Recent attention on what many believe to be a dysfunctional Senate has focused the national debate squarely on the institution’s complex parliamentary rules of procedure. Specifically, Senate Majority Leader Harry Reid (D-NV) has announced plans to consider a legislative manuever known as the Nuclear Option to change the rules of the Senate in order to curtail the use of the filibuster and facilitate the confirmation of President Obama’s judicial and executive nominees. The filibuster allows senators to speak for as long as they wish, on any topic they choose, unless three-fifths of the Senate votes to end debate by invoking cloture. Opponents of the Nuclear Option argue that it is a power grab because it allows Senate majorities to circumvent the regular order and change the rules of the Senate with a simple majority vote over the objection of Senate minorities. This, proponents argue, inevitably undermines deliberation. The result is an errosion of one of the fundamental roles of the Senate. Join us as we debate and discuss the filibuster, proposed rules changes, and the traditional role of the United States Senate in the legislative process.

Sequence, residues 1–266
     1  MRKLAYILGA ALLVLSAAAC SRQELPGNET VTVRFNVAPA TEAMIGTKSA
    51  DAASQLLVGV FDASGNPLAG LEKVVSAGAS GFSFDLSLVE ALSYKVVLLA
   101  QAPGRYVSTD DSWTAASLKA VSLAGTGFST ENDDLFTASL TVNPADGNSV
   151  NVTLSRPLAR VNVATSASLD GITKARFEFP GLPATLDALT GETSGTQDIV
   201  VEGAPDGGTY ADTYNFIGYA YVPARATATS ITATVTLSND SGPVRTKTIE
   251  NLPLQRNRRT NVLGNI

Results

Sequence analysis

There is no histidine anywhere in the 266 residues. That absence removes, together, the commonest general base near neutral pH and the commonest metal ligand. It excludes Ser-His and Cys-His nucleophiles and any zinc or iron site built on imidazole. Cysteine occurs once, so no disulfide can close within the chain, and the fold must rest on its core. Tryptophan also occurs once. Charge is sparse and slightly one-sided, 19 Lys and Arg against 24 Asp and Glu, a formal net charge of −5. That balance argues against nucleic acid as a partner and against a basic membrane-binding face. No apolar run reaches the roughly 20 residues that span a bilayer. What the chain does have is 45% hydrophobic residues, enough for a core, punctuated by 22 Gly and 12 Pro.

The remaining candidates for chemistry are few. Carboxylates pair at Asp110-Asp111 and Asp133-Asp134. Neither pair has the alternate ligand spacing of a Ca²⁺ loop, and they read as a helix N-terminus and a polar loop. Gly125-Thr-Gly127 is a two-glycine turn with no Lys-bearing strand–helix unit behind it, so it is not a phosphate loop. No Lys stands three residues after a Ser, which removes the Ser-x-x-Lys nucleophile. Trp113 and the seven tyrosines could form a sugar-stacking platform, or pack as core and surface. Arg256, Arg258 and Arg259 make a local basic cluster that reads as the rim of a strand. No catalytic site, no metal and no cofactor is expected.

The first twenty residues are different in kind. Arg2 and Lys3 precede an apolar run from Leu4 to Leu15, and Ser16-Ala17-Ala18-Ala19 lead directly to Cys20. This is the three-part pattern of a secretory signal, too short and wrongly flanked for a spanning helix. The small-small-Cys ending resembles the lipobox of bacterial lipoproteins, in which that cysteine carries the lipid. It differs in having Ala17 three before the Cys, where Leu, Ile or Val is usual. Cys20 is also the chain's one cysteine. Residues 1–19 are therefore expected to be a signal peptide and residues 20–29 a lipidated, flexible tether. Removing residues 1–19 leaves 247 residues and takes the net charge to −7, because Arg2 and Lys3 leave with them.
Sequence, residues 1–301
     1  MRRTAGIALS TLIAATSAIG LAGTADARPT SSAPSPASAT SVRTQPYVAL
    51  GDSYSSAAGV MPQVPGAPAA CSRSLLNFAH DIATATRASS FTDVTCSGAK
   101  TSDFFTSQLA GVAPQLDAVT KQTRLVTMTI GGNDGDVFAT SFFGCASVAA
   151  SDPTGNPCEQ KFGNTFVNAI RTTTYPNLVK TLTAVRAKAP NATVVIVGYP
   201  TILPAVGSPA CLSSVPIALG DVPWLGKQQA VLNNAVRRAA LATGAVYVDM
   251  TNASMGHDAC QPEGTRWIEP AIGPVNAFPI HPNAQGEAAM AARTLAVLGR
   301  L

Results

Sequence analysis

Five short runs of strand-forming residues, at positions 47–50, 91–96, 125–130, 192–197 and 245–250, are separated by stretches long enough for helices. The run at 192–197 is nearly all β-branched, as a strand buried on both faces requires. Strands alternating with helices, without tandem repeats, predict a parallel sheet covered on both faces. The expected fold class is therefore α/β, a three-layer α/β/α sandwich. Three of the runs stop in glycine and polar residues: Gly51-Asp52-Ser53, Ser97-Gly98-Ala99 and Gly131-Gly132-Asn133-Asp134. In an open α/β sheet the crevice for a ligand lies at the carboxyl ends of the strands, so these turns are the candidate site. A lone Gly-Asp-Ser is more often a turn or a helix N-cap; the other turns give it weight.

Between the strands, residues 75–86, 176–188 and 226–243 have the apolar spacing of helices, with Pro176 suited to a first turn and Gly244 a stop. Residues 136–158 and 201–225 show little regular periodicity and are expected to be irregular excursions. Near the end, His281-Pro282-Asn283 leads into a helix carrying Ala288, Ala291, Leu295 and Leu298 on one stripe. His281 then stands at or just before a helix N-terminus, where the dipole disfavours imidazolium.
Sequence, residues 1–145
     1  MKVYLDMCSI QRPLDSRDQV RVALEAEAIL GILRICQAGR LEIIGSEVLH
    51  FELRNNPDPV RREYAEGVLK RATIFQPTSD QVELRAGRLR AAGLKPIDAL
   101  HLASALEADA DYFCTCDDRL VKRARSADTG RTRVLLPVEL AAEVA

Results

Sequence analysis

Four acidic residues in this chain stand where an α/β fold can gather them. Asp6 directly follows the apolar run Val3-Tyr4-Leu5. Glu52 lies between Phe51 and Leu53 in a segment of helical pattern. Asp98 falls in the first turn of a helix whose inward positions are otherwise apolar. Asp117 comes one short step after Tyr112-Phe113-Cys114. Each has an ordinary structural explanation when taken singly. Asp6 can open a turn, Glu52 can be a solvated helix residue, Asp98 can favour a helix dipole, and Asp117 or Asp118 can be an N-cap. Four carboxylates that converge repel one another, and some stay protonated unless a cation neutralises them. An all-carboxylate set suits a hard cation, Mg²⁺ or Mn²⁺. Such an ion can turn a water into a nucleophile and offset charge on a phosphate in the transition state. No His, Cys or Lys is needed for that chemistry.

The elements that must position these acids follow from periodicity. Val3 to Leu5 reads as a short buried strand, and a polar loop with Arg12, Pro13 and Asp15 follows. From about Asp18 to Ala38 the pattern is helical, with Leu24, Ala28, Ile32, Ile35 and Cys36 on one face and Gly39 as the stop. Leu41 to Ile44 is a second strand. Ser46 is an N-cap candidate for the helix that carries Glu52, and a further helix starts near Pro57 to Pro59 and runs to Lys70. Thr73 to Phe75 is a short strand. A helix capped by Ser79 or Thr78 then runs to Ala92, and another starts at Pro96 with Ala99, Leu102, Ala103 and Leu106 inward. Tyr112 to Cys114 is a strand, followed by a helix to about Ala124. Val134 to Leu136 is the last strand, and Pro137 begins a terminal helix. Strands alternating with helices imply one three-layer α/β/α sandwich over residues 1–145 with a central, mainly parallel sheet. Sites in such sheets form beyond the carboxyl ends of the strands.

Reid, Democrats trigger ‘nuclear’ option; eliminate most filibusters on nominees

By and , Updated: Thursday, November 21, 1:48 PM

The partisan battles that have paralyzed Washington in recent years took a historic turn Thursday, as Senate Democrats eliminated filibusters for most presidential nominations, severely curtailing the political leverage of the Republican minority in the Senate and assuring an escalation of partisan warfare.

Saying that “enough is enough,” President Obama welcomed the end of what he called the abuse of the Senate’s advise and consent function, which he said had turned into “a reckless and relentless tool” to grind the gears of government to a halt.

While “neither party has been blameless for these tactics,” Obama said in a statement to reporters at the White House, “today’s pattern of obstruction . . . just isn’t normal; it’s not what our founders envisioned.” He cited filibusters against executive branch appointments and judicial nominees on grounds that he said were based simply on opposition to “the policies that the American people voted for in the last election.”

“This isn’t obstruction on substance, on qualifications,” he said. “It’s just to gum up the works.”

The rule change means that federal judge nominees and executive-office appointments can advance to confirmation votes by a simple majority of senators, rather than the 60-vote supermajority that has long been required to end debate and proceed to an up-or-down majority vote to confirm or reject the nomination.